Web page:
The five-day hiking trail just happens to bypass the region’s most spectacular hotel.

By Travel + Leisure
June 04, 2019
A koala in Flinders Chase National Park, on Kangaroo Island.
DEA / P. JACCOD/Getty Images

Flinders Chase National Park is one of the state of South Australia's major draws for nature-lovers, and the Kangaroo Island Wilderness Trail deserves to be on any adventurous traveler’s international bucket list.

The 126-square-mile park is on Kangaroo Island — a 35-minute flight southwest from Adelaide — and is home to free-roaming kangaroos (as the name makes clear) and koalas, among other fauna and flora. The trail, which follows a 40-mile path along the island’s southwestern coast, takes up to five days to hike (depending on how far you go), and there are options for roughing it as well as living it up.

Related: The Best Times to Visit Australia

While the wilderness trail may not have the name recognition of, say, the PCT, this island hike offers spectacular views as hikers make their way through “Australia’s zoo without fences.” There are 400 species of native plants in Flinders Chase, and the diverse wildlife ranges from the well-known — koalas, kangaroos, and dolphins — to the more exotic — wallabies, bandicoots, echidnas, and goannas.

Admirals Arch is one of the natural landmarks on Kangaroo Island.
Julien Viry/Getty Images

The park's attractions don't stop with the wildlife. The Remarkable Rocks are a grouping of granite boulders that form a natural sculpture high above the sea, offering a striking setting for sunrises and sunsets. Nearby is Admirals Arch, where you can take in views of the ocean or (depending on the time of year) catch fur seal pups playing in the rock pools below.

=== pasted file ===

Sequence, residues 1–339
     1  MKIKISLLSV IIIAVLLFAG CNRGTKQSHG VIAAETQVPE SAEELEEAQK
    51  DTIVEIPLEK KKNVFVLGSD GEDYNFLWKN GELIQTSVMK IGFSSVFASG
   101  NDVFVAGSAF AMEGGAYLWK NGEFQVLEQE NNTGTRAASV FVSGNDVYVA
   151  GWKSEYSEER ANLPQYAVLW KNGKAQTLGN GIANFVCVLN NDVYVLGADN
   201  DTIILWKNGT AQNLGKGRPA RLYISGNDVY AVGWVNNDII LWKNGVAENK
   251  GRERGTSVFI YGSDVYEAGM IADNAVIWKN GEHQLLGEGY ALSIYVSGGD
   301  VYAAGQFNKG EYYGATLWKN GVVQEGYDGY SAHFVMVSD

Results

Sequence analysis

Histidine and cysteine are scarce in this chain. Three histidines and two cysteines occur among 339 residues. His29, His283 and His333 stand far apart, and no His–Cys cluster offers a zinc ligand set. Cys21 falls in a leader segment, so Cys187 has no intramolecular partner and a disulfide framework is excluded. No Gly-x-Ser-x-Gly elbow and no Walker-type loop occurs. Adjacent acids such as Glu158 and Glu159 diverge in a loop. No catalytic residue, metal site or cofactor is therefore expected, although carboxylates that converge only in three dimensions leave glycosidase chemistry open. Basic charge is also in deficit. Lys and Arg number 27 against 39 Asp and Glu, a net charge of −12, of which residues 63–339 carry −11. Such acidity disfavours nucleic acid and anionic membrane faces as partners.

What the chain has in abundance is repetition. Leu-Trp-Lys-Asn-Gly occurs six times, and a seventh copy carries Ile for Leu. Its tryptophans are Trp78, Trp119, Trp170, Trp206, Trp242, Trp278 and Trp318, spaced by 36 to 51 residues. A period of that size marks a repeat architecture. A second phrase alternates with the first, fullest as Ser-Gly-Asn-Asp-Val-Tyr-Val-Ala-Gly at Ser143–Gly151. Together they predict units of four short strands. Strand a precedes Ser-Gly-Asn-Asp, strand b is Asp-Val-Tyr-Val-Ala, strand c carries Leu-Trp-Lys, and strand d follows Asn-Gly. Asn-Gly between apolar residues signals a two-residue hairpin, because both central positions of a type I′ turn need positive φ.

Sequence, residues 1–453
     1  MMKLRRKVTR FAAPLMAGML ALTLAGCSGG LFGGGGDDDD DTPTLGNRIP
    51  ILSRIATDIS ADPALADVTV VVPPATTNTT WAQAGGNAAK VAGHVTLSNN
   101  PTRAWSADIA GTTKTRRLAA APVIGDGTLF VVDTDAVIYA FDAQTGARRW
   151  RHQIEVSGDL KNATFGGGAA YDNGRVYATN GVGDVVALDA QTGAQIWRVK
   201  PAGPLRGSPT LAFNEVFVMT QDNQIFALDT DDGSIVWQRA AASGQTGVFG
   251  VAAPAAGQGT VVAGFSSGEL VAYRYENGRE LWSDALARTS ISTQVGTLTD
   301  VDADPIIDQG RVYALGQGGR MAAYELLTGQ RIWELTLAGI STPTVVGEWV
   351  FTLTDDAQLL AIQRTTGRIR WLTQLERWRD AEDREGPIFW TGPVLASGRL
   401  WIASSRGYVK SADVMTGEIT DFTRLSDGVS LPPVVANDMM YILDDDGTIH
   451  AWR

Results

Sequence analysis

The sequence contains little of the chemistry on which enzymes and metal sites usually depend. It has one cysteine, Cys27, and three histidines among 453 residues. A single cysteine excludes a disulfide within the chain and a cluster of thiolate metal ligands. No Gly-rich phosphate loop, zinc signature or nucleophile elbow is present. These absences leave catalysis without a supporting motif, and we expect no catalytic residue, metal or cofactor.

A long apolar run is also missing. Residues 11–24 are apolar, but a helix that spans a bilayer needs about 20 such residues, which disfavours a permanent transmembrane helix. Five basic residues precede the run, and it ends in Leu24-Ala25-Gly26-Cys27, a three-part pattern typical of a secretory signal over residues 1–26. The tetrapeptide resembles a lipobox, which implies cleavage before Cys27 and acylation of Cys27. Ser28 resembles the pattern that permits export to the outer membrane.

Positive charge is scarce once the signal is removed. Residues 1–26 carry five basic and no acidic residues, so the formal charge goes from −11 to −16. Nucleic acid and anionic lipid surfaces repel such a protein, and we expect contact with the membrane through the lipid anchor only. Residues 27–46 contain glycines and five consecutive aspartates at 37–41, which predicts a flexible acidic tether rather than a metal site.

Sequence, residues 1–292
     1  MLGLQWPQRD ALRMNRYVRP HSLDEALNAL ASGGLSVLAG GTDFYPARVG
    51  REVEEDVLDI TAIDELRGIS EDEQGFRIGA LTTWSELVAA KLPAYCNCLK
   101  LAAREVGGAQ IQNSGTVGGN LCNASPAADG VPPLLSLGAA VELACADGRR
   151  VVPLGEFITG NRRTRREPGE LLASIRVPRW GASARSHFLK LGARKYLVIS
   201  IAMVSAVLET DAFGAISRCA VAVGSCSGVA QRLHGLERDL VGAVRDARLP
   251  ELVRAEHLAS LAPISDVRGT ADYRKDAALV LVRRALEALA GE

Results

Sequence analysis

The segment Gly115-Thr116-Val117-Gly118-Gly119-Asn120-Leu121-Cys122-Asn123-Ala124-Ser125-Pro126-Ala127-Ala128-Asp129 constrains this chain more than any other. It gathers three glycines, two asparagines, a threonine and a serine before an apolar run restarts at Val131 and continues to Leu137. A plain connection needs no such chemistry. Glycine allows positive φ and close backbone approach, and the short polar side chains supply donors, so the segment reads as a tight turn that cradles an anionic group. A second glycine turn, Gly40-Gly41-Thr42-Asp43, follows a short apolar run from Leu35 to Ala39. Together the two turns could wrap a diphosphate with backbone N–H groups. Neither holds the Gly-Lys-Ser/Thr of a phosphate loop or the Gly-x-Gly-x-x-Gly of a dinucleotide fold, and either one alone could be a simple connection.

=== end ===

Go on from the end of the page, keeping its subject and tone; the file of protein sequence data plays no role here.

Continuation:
The Reformation Rocks are like a natural sculpture, crafted over thousands of years by the elements.
Andrew Watson/Getty Images

The best time to go to Kangaroo Island is from March to September, however Kangaroo Island has a temperate climate similar to the Mediterranean, making visiting possible year-round.

The cost to access the trail is $168.50 AUD for each adult (16 years of age and older), and $100 for each child age 15 or under. (The trail isn’t recommended for kids under 10.) The price includes a trail pass, a map, the use of four campsites, and unisex toilets.

Southern Ocean Lodge, on Kangaroo Island, South Australia.
Courtesy of Southern Ocean Lodge

Don’t feel like camping? There are other options, from package tours with meals and accommodations included, to the nearby glam 21-room Southern Ocean Lodge. One of the best hotels in the region, the lodge bypasses the trail and offers a variety of itineraries and packages for those who prefer to rough it by day and sip cognac next to a roaring fire by night.

Advertisement